Being a high school student, there seems to be an infinite amount of objectives and activities that you have to complete each day you are present in school. Papers, projects, sports, socializing—the list seems to grow extensively as our time within school increases. In talking to friends, or even a complete stranger, the word stress can easily find itself into the conversation.
Contrary to popular belief, stress can be beneficial, to a certain extent. Stress is the body’s reaction to any kind of demand or threat that you may encounter. When you feel threatened or challenged, your nervous system responds by producing stress hormones, including adrenaline. These hormones stimulate your body by making your heart pound faster, tightening your muscles, heightening your blood pressure, quickening your breathing, and making your senses sharper. As a result, you are granted with an increase in your physical strength, stamina, and focus. These reactions and changes are known as your body’s fight-or-flight response: a method of protecting yourself.
Though stress can have positive effects upon an individual in some situations, it can also produce negative consequences. The problem commences with the nervous system’s difficulty in differentiating daily, mundane stressors, from life-threatening or greatly demanding tasks. Thus, in some cases, your body can react to a forgotten homework assignment due the following period in the same manner as a life-or-death situation. When you are constantly undergoing the fight-or-flight response, it can lead to stress overload, causing higher blood pressure, accelerated aging, and increased vulnerability to mental and health ailments.
Examples of stress overloads are highlighted by examining jobs with immense stressors and demanding tasks. The primary example, and arguably the most stressful job in the world, is president of United States. Under the constant pressure of deadlines and expectations, it is no surprise that research has shown that presidents age faster, perhaps twice as fast than the average individual. Dr. Michael Irwin of the UCLA Neuropsychiatric Institute comments upon this phenomenon by saying, “It is unequivocal that significant life stressors perceived by a person does accelerate aging.” Other high stress jobs which lead to more rapid aging include firefighters, police officers, military personnel, airline pilots, and newspaper reporters. This attribution of high stress originates from the various life-threatening situations they experience, hostile environments and situations they are forced to confront, and the pressure of being entrusted with the well-being and livelihood of those around them.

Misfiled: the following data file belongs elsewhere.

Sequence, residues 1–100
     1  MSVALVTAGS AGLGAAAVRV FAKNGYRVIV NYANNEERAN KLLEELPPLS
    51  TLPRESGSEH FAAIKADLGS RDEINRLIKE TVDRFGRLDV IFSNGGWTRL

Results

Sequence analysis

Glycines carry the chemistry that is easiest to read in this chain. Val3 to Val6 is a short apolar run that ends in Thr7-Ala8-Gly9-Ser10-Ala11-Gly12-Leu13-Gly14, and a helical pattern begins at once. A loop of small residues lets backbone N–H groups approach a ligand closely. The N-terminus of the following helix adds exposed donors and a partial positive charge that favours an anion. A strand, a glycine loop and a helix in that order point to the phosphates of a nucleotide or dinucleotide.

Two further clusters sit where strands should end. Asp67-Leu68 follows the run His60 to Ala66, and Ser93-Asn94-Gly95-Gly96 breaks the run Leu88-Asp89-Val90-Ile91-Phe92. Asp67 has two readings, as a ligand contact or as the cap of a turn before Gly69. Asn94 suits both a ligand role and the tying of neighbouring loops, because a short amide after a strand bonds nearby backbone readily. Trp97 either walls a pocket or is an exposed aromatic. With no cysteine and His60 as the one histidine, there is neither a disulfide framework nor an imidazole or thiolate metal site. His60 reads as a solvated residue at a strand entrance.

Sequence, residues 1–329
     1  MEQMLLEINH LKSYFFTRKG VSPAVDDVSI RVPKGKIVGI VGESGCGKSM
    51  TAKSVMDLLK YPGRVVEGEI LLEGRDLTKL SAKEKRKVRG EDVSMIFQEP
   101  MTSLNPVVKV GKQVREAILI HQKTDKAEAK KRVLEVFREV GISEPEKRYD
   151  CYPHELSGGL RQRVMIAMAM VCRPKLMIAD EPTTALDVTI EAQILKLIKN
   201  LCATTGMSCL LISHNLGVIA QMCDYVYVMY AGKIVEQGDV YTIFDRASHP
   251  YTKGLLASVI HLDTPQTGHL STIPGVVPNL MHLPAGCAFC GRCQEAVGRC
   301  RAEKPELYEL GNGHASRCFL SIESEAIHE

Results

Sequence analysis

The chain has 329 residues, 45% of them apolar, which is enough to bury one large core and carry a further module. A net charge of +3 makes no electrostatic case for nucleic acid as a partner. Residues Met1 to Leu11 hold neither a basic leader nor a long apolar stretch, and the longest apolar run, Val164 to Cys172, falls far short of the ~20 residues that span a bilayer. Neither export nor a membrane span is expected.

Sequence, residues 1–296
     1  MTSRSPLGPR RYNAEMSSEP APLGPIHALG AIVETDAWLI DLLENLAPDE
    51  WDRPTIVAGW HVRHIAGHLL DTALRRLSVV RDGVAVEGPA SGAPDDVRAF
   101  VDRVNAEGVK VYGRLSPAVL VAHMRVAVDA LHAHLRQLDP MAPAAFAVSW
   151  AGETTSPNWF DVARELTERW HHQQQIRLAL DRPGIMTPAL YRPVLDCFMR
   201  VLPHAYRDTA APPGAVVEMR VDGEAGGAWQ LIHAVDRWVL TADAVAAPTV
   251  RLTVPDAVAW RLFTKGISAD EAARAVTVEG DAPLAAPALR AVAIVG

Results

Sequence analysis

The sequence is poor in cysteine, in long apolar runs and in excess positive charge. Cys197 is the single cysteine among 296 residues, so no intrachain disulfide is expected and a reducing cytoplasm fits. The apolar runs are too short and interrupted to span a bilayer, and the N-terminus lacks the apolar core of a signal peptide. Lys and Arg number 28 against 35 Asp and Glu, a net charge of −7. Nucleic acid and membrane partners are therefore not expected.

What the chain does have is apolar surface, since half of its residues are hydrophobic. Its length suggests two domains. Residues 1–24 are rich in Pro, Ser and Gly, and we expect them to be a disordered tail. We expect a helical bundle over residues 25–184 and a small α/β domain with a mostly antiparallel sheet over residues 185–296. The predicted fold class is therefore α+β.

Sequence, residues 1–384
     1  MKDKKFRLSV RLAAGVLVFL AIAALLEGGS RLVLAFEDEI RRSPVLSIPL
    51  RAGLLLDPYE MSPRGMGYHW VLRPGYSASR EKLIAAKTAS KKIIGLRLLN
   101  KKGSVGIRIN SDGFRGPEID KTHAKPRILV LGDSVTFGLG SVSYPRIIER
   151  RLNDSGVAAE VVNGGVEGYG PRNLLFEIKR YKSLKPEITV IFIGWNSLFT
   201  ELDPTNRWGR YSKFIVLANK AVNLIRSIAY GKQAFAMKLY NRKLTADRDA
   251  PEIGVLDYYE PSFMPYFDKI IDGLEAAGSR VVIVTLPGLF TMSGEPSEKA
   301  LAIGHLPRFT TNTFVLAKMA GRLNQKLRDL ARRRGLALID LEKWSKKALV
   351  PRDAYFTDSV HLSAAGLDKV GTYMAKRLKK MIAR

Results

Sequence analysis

Though obviously not as taxing and difficult as being the president, being a high school student includes its own share of stressors and involving activities. Life within the Collegiate Upper School is non-stop, demanding, and fast-paced. Arriving at 8:35, with classes ending at 3:20, a normal school day is about seven hours. Adding the required two sport seasons raise the seven hour total to approximately nine hours spent at school on a normal day. Within these nine hours, there are a plethora of activities that can manifest stress within the students. However, this extensive amount of time does not include the commute that some students have to embark on every morning and evening to go from school to home. There are students attending Collegiate that have to drive 30-45 minutes to and from school, creating another hinderance from not only free time for themselves, but the needed amount of time to complete their homework.